5. Choose Well Who You Talk With About The Criticism– Sometimes you want to call or e-mail a friend when someone criticizes your writing. That can be helpful if you choose the right person to talk to. I remember talking to a colleague who gave me wise advice on how to respond to a particularly personal attack someone made on me one time. She gave me advice that really helped me deal with it in a constructive way while helping me remember that the criticisms would only be as big of a deal as I made it out to be. (Thanks Phyllis Zimbler Miller for your great advice!)

Remember that as an author, you have chosen a path that will always invite criticism. Some will be constructive, some will be unfair, but criticism will be part of your lot. If you take time now to think about how you will deal with it, you’ll find it much easier to handle when it happens to you. 

Now it’s me again! If you’re a published author, have you ever received a negative review or other form of public criticism? How did you handle it? For aspiring authors, have you ever written a negative review? How do you feel when you see one? Do you base your book buying on reviews? Did you find this article helpful?

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  • Posted April 26, 2011 at 12:29 AM | Permalink

    Thanks for the links Wendy! I pay very little attention to reviews when it comes to picking new additions to my TBR pile. Opinions vary so widely that I think I’m better off with just the blurb and excerpt =)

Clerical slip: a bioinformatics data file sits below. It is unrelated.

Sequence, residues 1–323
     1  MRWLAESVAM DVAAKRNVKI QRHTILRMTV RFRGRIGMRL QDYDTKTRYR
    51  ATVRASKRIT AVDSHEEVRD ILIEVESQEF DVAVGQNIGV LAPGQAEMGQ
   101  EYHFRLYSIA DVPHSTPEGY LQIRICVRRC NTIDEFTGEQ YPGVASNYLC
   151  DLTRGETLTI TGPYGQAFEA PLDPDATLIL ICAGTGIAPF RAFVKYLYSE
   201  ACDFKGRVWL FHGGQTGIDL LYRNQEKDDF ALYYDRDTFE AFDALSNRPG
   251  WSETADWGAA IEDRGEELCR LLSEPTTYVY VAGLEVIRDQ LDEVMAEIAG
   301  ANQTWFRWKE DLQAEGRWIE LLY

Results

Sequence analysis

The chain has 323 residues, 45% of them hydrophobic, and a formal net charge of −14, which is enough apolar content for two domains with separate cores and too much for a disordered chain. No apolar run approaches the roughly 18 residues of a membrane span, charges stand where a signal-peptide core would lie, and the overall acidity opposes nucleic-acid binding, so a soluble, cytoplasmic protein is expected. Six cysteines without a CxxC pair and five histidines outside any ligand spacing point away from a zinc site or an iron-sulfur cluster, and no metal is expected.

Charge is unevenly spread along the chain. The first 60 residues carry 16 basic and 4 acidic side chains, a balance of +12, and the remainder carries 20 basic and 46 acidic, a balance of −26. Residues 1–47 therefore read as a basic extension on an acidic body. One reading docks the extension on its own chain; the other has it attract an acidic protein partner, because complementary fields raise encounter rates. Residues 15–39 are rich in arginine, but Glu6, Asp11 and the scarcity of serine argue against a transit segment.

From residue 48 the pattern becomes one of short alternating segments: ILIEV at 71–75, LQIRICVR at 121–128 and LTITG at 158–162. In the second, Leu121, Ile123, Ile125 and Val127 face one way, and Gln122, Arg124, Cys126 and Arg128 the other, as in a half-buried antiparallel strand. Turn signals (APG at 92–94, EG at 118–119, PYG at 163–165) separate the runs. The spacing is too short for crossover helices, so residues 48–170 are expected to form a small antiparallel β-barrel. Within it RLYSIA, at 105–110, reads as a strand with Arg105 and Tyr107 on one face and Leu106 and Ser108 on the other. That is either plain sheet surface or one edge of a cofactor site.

• Posted April 26, 2011 at 8:21 AM | Permalink

    Hi Lacey!
    I don’t pay much attention to reviews either. There are some authors I read everything they put out, no matter what. But sometimes, if I’m on the fence about a book, I’ll check out the reviews. If the majority are not good, I’ll wait to get the book from the library rather than purchasing it.

  • Posted April 26, 2011 at 4:32 PM | Permalink

    Some very good tips. Reviews are always an iffy stuation. I usually mostly ignore them except to find a bit I can clip from them.

  • Posted April 26, 2011 at 5:08 PM | Permalink

    Hi Wendy,

    All are very valid points made in this post. Thanks for the links and sharing this post!

  • Posted April 26, 2011 at 5:12 PM | Permalink

    Thanks for stopping by Janet and Nas! I’m glad you liked the tips/points!

  • Posted April 26, 2011 at 7:46 PM | Permalink

    Great post, Wendy. I will keep these tips in mind.

    I spent this past weekend with my sis and her MIL and I have to say that my sister (who’s always been top notch in my eyes) was astonishing. Her MIL loves to criticize, but no matter what negativity the woman threw her way, my sister simply acted as if she never heard it.

    She never blinked an eye.

  • Posted April 26, 2011 at 8:39 PM | Permalink

    Hi Regina!
    Your poor sister’s probably heard the criticism so often she’s desensitized! I’m glad she doesn’t let it get to her.

  • Posted April 27, 2011 at 5:38 PM | Permalink

    Late to the party but have to say that I LOVE this post. Grace under fire . . . that’s all we can hope for! And something I’ll be striving for myself.

    Thanks for sharing this, Wendy!

  • Posted April 28, 2011 at 2:11 PM | Permalink

    Hi Aimee!
    I can’t take any of the credit. Just passing it along. The first time I get a bad review I’ll probably forget each tip and fire off a distress e-mail to you!!!

  • Posted April 29, 2011 at 8:56 AM | Permalink

    This is a great post and something I need as my book makes its way around the reviewers circle! Thanks for the reminder. I love twitter too! So much great info.

  • Posted April 29, 2011 at 11:27 AM | Permalink

    Thanks for stopping by Jen! I referred your book to a friend of mine. When is it going to Amazon. I need to get over my fear of downloading books from sites other than Amazon.